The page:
Demby taught for nine years at Alta Vista Elementary in Sarasota, Fla., once being named the school’s teacher of the year. When he moved to Louisville, he worked as a substitute teacher for a few years until coming to Jacob Elementary full time in 2012.
Originally from Crestview, Fla., Demby began playing piano and by age 10 was directing his church choir.
“And I just kept doing it all the way through school,” he said.
Demby attended Bethune-Cookman University in Daytona Beach, Fla., where he worked with churches and community groups, including starting an after-school arts program at a Presbyterian church, he said.
“When I went to college, I had a choice of becoming a lawyer or a teacher, but teaching was my passion,” Demby said.
Also receiving the Robinson Award is Diane Porter, board chair for JCPS, the state’s largest school district.
“I’m always surprised when I receive recognition, because I think that everybody works as hard as I do,” she said. Porter said she appreciates and is humbled by the honor.
Although the award may have her name on it, she said, it’s really for JCPS, showing that the district is ahead of many others nationwide in acting to promote racial equity.
“Whatever has been said, no one person can do the work,” Porter said. “One may plant the seed, but all must tend it.”
“I would like the board and the district to own this honor with me.”
Porter was nominated by Ashley Duncan, who is now vice president for inclusion and diversity at Republic Bank. Duncan began work for JCPS as diversity hiring specialist in January 2018, a position which Porter advocated creating.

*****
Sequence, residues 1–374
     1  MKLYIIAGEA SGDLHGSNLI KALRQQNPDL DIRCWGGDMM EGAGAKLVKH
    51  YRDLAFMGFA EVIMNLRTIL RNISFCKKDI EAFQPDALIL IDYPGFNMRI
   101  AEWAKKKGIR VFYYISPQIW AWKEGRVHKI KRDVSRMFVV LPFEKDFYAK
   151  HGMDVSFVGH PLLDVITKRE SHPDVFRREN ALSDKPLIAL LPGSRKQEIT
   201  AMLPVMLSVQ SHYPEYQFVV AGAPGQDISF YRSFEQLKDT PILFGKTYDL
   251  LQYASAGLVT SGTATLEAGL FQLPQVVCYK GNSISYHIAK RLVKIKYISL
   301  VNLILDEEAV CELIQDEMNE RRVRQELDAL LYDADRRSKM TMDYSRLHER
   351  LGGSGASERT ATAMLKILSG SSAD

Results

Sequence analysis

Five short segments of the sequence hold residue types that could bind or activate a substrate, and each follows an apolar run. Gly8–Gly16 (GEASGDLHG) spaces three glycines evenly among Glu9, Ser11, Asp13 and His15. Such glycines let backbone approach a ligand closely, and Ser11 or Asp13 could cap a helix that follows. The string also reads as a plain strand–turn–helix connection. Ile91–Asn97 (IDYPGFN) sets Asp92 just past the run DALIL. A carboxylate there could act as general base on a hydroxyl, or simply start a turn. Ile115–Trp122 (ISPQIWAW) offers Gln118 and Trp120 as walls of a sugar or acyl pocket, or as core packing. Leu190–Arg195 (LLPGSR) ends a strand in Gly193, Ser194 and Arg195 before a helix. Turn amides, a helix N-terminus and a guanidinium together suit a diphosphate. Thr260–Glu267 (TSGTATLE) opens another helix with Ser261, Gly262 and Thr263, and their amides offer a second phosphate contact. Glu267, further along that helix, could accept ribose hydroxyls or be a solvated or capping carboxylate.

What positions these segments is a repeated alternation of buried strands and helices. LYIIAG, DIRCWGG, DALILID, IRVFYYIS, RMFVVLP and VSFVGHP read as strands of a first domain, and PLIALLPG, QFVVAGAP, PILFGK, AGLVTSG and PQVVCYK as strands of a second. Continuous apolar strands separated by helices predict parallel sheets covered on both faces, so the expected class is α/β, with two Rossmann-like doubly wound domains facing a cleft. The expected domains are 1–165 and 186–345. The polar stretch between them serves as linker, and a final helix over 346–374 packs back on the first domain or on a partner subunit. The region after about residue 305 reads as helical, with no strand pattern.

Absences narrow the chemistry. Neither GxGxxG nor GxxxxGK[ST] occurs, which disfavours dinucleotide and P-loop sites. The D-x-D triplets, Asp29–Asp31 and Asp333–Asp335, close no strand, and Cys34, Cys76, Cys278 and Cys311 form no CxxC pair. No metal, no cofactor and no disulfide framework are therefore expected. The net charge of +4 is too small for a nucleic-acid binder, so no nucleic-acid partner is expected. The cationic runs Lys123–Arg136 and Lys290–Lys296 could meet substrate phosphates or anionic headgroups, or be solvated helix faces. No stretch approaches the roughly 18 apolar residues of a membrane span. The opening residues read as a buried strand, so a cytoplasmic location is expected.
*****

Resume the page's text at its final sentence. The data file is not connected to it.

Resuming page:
Porter’s decisions always hinge on how they will affect the district’s families and students, Duncan said. That means all students, not just those of color, she said.
“I don’t know that she gets enough credit for this, but her number one priority is always treating people with dignity and respect,” Duncan said.
During Porter’s tenure, the JCPS board adopted a racial equity policy – a first for Kentucky public schools, and one of only 12 in the nation at the time, Duncan said.
The policy was intended to improve outcomes for students of color by hiring diverse staff, effectively measuring staff members’ cultural competence and other methods, she said.
Under Porter’s leadership, the board created the W.E.B. DuBois Academy for boys and the Grace M. James Academy for Excellence for girls. While open to all students, the schools were designed with Afrocentric curricula to increase the sense of belonging for students of color, Duncan said.
A Louisville native, Porter came up through the city’s public school system and graduated from the University of Louisville.
“I started my education at a segregated school,” she said.
Porter attended the Virginia Avenue Colored School, which was built in 1923, renamed Jessie R. Carter Elementary School in 1970 and integrated in 1975. Today it houses the West End School for boys.
Porter has always tried to recall her student experience as she seeks to improve the school system for others, she said.
Porter has served as a teacher, a counselor, an assistant principal, a principal and a central office administrator. She retired in 2009 as director of Career/Workforce Education and the JCPS School-to-Career Program.
After nearly 40 years in education, Porter thought she was retired for good. But the next year, then-Commissioner of Education Terry Holliday appointed her to the District 1 seat on the Jefferson County Board of Education, and she felt called by her community to serve.
She was elected to the seat in November 2010. In 2012, Porter became the first African-American woman elected as JCPS board chair. After two years as vice-chair, she again became board chair in 2018.
“Education is part of me,” Porter said. “I’m honored to be an educator. I have put my life into this career and I’m very happy for that.”
But her proudest accomplishment, she said, was raising her daughter, who died five years ago.
“She was always a part of me, and I think that was the job I did best,” Porter said.